A major highlight of the Saturday was The Chemical Brothers’ performance, which was well deserving of its headline spot. Accompanying their set was an impressive lights display with some cool visuals, which may have made it difficult for the photographers, but the result was one of the more unmissable events of the weekend. As good as it may have been, it was tough to choose between seeing The Chemical Brothers and watching Ride put on a performance of their 1990 album Nowhere on the Guitars & Other Machines stage.
As good as Saturday was, it was the final day that stole the show. Sunday featured an insane line-up of Black Country, New Road (who were recently shortlisted for this year’s Mercury Prize), Self Esteem, Little Simz, Bombay Bicycle Club, Mogwai, and The National… and that was just on the main stage. Elsewhere, the likes of Idlewild, Admiral Fallow, and Horse Meat Disco were drawing sizeable crowds, though you could have stayed at The Grand Parade pretty much all day long and had a continuous source of brilliant live music. Little Simz put on an impassioned and profound show, and certainly wasn’t one to miss, while Bombay Bicycle Club enthused the crowd and inspired a lot of dancing. The highlight of the night – and probably the whole festival – was The National. Incidentally, that doesn’t only describe their Sunday night headline.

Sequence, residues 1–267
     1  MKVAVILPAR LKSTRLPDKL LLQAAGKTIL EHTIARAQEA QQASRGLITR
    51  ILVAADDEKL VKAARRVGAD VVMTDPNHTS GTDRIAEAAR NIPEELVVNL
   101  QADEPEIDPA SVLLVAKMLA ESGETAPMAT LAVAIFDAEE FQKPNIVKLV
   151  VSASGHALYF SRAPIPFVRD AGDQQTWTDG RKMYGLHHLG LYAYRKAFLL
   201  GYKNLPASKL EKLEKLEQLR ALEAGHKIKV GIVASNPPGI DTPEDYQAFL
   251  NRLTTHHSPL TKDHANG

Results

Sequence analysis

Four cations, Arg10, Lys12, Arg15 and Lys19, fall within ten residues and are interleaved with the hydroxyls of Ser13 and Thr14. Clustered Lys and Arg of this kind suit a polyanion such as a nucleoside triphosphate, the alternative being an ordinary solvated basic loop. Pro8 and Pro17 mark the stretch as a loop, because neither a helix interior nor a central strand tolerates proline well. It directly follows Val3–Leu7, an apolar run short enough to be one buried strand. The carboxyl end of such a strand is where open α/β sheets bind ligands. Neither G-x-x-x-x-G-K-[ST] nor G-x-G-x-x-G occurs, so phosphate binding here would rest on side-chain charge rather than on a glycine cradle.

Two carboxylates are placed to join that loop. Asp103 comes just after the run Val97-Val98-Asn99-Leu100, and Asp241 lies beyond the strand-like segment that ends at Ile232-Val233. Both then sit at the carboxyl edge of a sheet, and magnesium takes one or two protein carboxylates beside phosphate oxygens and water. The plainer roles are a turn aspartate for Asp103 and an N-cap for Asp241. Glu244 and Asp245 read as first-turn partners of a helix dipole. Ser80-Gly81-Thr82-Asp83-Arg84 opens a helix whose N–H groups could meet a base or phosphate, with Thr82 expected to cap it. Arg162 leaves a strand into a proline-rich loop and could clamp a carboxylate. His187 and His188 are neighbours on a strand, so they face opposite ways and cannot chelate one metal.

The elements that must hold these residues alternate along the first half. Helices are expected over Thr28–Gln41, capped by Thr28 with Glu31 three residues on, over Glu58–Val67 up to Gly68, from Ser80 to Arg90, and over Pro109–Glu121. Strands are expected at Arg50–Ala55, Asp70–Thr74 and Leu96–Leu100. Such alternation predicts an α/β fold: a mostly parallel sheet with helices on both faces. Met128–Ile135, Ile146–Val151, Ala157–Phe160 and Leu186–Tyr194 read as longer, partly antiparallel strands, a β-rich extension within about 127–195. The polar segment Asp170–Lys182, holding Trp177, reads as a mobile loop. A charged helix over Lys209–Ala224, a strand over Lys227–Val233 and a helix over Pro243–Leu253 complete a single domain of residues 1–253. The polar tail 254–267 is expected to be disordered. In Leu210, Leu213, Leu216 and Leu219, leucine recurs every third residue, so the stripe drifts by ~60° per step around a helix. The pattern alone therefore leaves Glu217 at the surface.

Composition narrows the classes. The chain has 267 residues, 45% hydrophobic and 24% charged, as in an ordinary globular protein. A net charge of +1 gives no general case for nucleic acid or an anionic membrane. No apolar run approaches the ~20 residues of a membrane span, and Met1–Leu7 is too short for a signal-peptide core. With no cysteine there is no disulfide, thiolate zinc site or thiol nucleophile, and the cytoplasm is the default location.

An hour or two before they graced the main stage, they did a secret set at the Tiny Changes X Gardeners Cottage, where various acts had been performing all weekend in secret acoustic sets (though The National were undoubtedly the biggest name to do so). Tiny Changes is a charity set up in memory of Scott Hutchison, the Frightened Rabbit singer who sadly passed away in 2018, and those lucky enough to attend the secret set that evening at the Gardeners Cottage got to see a touching acoustic performance of This Isn’t Helping and About Today, as well as brief discussion of mental health and its importance in memory of Hutchison. Short though it was, it was also a rather emotional affair and it set the stage perfectly for the final performance of the weekend.
When they did eventually grace the main stage, it drew probably the biggest crowd of the weekend, and they delivered a powerful and poignant performance featuring as many of their most-loved songs as you can fit into one set, as well as their newest single Weird Goodbyes, which many were excited to see live. It was the perfect way to cap off a wonderful weekend in Edinburgh, at the first Connect Festival in fourteen years. There’s some good news, too: they have already announced that it will be returning next year, so anyone who was unfortunate enough to miss it this year should absolutely have their eyes set on August 2023.